Book Review: Bleach Vol. 01 The Death and The Strawberry by Tite Kubo

Finally I get to write my first book review on this blog. While I love reading, the time I have for it is rare. Manga has been one of my greatest loves since I was about 13-years-old. I’ll tell you how I came to love manga another day. For now, let me tell you about the first volume of Bleach, an anime I have been a fan of for quite a while. This is, however, the first time I have picked up the manga.

If you are not familiar with the anime or the Manga, Bleach is about 15-year-old high school student Ichigo Kurosaki. Ever since he can remember, he’s been able to see ghosts. Unbeknownst to him, this is a result of his unusually high spiritual pressure. He is a rarity among mankind. This atypical spiritual pressure eventually leads the soul reaper, Rukia Kuchiki to investigate. Unfortunately, a hollow also comes to investigate, attracted by the same spiritual pressure. Hollows are lost, fallen souls who consume the souls of the living and the dead who have not yet passed on. Their name suits them as hollows consume in order to fill the void caused by their loneliness and grief. Sometimes, hollows seek out specific prey because of their high spiritual pressure.

In The Death and The Strawberry, Ichigo and Rukia’s first meeting is interrupted when a hollow approaches. Rukia rushes into action and Ichicgo, upon seeing his family attacked by the hollow, follows her. His desperate attempt gets in the soul reaper’s way, gravely injuring her. The only choice left is for her to impale Ichigo with her Zanpakutō, a soul reaper’s sword. This action will transfer some of Rukia’s powers to Ichigo, allowing him to face the hollow before it kills them all.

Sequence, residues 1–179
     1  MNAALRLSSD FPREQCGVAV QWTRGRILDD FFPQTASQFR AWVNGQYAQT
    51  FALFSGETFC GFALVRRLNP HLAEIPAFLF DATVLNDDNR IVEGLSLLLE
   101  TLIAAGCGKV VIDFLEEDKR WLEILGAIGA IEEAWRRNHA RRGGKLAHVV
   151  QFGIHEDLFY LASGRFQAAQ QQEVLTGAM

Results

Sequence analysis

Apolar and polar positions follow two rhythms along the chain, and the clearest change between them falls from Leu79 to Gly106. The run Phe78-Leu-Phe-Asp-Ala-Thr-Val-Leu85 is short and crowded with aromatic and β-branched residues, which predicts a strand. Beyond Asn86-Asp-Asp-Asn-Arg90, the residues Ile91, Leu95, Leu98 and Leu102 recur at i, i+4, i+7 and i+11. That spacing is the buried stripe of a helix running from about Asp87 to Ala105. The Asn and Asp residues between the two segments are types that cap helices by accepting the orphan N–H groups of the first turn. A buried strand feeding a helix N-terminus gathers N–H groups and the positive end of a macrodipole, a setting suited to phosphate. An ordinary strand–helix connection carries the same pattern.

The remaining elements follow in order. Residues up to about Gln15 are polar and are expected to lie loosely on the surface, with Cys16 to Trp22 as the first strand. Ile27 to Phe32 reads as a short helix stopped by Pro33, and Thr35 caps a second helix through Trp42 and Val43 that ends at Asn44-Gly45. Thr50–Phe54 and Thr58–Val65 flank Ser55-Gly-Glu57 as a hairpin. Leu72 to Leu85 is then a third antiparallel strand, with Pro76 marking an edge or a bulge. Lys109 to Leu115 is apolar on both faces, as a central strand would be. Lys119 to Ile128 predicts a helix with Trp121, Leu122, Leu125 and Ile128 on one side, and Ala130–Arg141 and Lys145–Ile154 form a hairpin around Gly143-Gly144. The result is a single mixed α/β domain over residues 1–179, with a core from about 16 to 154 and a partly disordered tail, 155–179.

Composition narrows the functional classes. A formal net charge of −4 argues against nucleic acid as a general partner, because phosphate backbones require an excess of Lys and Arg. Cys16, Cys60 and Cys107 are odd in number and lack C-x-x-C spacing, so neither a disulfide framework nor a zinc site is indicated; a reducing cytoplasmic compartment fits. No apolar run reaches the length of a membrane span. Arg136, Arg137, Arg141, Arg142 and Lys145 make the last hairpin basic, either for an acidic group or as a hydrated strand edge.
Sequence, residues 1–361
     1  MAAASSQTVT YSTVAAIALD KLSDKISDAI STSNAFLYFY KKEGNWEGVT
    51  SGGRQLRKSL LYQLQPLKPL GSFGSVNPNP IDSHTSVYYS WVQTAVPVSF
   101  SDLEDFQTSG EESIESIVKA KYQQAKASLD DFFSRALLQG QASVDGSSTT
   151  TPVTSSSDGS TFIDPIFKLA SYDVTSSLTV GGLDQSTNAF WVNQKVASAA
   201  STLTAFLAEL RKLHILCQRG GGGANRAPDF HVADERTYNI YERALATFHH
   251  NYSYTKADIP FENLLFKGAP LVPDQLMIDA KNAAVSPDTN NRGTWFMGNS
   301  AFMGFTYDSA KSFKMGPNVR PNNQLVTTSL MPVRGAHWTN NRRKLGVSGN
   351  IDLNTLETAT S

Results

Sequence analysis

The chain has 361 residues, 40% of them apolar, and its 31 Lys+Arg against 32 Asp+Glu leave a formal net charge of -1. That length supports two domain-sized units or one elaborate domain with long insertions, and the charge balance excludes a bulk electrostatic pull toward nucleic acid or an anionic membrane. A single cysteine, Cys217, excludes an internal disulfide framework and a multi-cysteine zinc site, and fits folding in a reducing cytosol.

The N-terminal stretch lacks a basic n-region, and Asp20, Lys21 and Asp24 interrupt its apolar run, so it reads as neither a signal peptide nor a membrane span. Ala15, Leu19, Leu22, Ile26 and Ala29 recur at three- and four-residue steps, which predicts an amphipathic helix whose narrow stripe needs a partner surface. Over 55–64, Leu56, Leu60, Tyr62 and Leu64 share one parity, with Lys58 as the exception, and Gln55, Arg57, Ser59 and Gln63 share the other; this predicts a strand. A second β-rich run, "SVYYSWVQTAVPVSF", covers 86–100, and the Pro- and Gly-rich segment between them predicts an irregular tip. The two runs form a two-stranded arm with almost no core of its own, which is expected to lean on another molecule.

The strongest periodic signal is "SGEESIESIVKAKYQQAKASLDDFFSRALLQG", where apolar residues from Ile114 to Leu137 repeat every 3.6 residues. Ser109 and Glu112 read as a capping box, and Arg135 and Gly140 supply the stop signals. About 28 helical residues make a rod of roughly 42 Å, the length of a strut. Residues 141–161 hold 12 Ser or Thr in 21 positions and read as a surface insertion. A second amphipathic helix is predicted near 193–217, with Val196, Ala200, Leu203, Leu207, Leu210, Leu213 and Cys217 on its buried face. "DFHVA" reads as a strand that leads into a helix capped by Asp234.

The plan is more than a success. Ichigo’s power is so strong, that he accidentally sucks all of Rukia’s powers into him. Until her powers return, Ichigo is charged with protecting the community from hollows. This is a responsibility that Ichigo is hesitant to take at first, but his heart is too kind. By that I mean that he’s an obnoxious 15-year-old who could care less about anyone, or so he would like everyone to think. He puts off a tough guy persona, but I think he’s a softy at heart.

Throughout the book, Ichigo begins his struggle to balance life as a high school student and life as a soul reaper. He encounters other hollows and sees their monstrous potential first hand. The volume leaves off with a cliffhanger involving one of Ichigo’s close friends.


I know the book is always better, but when it comes to Bleach, the manga exist on another platform of awesomeness the anime can never reach. As always, images are far more detailed than they are in the manga. This is seen in the very beginning, specifically this image from page 15. In the anime, the ghost looks like any other little girl, but the ghost in the manga retains the injuries that killed her.


The other difference I noticed was the banter between the Ichigo and Rukia. I had to laugh out loud when Ichigo had Rukia follow him to a part of his school where no one could eavesdrop on their conversation. While following, Rukia says (in a manner considered rude in Japanese) “Such a secluded place. What’s on your mind, big boy?” I had to laugh out loud. In my head, Rukia was trying to use a ‘sexy’ voice when she said big boy just to poke fun at Ichigo. It’s completely in character and just a bit more suggestive than the anime would typically be (at least the English anime). Her games work, because Ichigo exclaims, clearly embarrassed “Don’t say stuff like that, it’s disgusting.


I already knew I like the anime, although I had only seen the first couple seasons. It wasn’t until recently that I started watching the anime again to see what I had missed. What I apparently missed was a lot of filler. It got so bad that I started skipping every filler episode. Even in animated form, the difference in story quality is painfully obvious. I picked up the manga from the library in a desperate attempt to prove that the cannon story was the great tale I knew it to be. This volume did not disappoint. Look forward to the review for volume 2 soon.

Rating: 5 Stars

Kubo, Tite. Bleach, Vol. 01: The Death and The Strawberry. San Francisco, CA: VIZ Media LLC, 2004. 

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